Historically, the water source for the Gaza Strip has been an underlying coastal aquifer.[52] Complicating matters further, in 2012, the United Nations Country Team reported that, due to declining groundwater levels and resultant seawater infiltrates, the aquifer could become unusable as early as 2016, with the damage irreversible by 2020.[53]

Due to the Gaza Strip’s location on the Mediterranean coast, combined with the newly reduced cost of desalination, other sources of water have become possible. In January 2017, with contributions by UNICEF and the European Union, Gaza opened a significant seawater desalination plant in Deir al Balah.[54] This plant initially produced 6,000 cubic meters of desalinated water per day (or 2.19 million cubic meters per year), and has a projected target of approximately 20,000 cubic meters per day by 2020 (or 7.3 million cubic meters per year).[55]

The 1995 water allocation agreement in Oslo II was updated in July 2017 in the bilateral water agreement between Israel and the Palestinian Authority.[56] This agreement increased the amount Israel agreed to allocate to the Palestinian Authority from 28.6 million cubic meters per year to 32 million cubic meters of water per year.[57]

B. Lateral Water Agreements

While the possibility of an inter-basin transfer from the Red Sea to the Dead Sea has been studied in many forms since the mid-1800s, the significant Dead Sea water level decline in the last fifty years and wide-spread potable water scarcity led to an agreement in the 1994 Jordan–Israel Peace Treaty (joined by the Palestinian Authority) to consider a water conveyance to “save” the Dead Sea.[58] This treaty built on the water-sharing agreements in the Oslo I Accord in 1993[59] and was reinforced by Oslo II Accord.[60] In the 1994 treaty, the water conveyance was described as “The Two Seas Canal or the Peace Conduit.” [61] From the beginning, it was not only meant to provide 850 million cubic meters of potable water to Jordan, Israel, and Palestine,[62] but was also intended to be “a symbol of peace and cooperation in the Middle East.”[63]

In 2005, the Palestinian Authority, Israel, and Jordan (“the Beneficiary Parties”) signed a joint letter requesting that the World Bank “coordinate donor financing and manage the implementation of the Study Program.”[64] From the beginning, there was a “general consensus on the need to restore the Dead Sea, but opinions on how to achieve this objective var[ied].”[65] The resultant “Red Sea–Dead Sea Water Conveyance Study Program” was therefore multi-faceted, consisting of five main studies: a Feasibility Study, an Environmental and Social Assessment, a Study of Alternatives “examin[ing] other options available to the Beneficiary Parties to address the degradation of the Dead Sea and the production of additional potable water by means other than the identified water conveyance option,” a Red Sea Modelling Study, and a Dead Sea Modeling Study.[66]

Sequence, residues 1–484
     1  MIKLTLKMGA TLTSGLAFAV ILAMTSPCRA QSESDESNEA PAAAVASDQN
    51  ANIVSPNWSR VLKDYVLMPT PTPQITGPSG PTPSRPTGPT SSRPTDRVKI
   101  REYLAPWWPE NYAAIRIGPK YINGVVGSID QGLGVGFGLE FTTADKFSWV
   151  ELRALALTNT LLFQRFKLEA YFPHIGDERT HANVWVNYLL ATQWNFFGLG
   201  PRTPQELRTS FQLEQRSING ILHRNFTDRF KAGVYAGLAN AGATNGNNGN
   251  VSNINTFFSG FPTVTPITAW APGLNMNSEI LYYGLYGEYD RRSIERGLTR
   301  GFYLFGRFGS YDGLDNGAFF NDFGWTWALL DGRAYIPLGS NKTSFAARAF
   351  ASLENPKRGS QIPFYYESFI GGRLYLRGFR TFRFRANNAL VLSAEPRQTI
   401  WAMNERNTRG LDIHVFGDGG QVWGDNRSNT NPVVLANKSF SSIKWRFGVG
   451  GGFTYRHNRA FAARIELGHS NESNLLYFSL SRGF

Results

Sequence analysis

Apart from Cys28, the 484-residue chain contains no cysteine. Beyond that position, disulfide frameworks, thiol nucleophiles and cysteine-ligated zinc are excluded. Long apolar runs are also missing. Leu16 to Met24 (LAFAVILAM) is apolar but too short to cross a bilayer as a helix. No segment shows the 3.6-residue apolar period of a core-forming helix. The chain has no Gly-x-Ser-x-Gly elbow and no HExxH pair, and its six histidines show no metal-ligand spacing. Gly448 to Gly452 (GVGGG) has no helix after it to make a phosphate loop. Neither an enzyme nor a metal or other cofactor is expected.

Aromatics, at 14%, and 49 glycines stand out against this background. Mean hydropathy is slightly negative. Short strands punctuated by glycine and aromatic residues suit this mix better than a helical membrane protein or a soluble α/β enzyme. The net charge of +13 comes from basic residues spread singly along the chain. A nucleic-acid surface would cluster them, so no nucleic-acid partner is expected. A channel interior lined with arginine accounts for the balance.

As the various studies progressed, the Beneficiary Parties and the World Bank made a series of bilateral and trilateral agreements in negotiations to continue the project. First, in 2011, two Palestinian civil society organizations, Stop the Wall Campaign and the Palestinian Farmers Union, as well as the Global Initiative for Economic, Social and Cultural Rights, representing residents of the West Bank, filed a Request for Inspection of the Study Program.[67] This Request stated that West Bank residents “rely on ground water resources that are put at risk by the decline of the Dead Sea and which do not appear to be effectively addressed by the . . . Program,” and identified flaws in the Study Program Terms of Reference which “would result in inadequate and incomplete Environmental Social Assessments.”[68] Then, in 2013, all three Beneficiary Parties signed a “milestone regional cooperation agreement,” in the form of a Memorandum of Understanding, outlining “three major regional water sharing initiatives” to be pursued by the parties.[69] At this stage, the initiatives included:

the development of a desalination plant in Aqaba at the head of the Red Sea, where the water produced will be shared between Israel and Jordan; increased releases of water by Israel from Lake Tiberias for use in Jordan; and the sale of about 20–30 million m3/year of desalinated water from Mekorot (the Israeli water utility) to the Palestinian Water Authority for use in the West Bank. In addition, a pipeline from the desalination plant at Aqaba would convey brine to the Dead Sea to study the effects of mixing the brine with Dead Sea water.[70]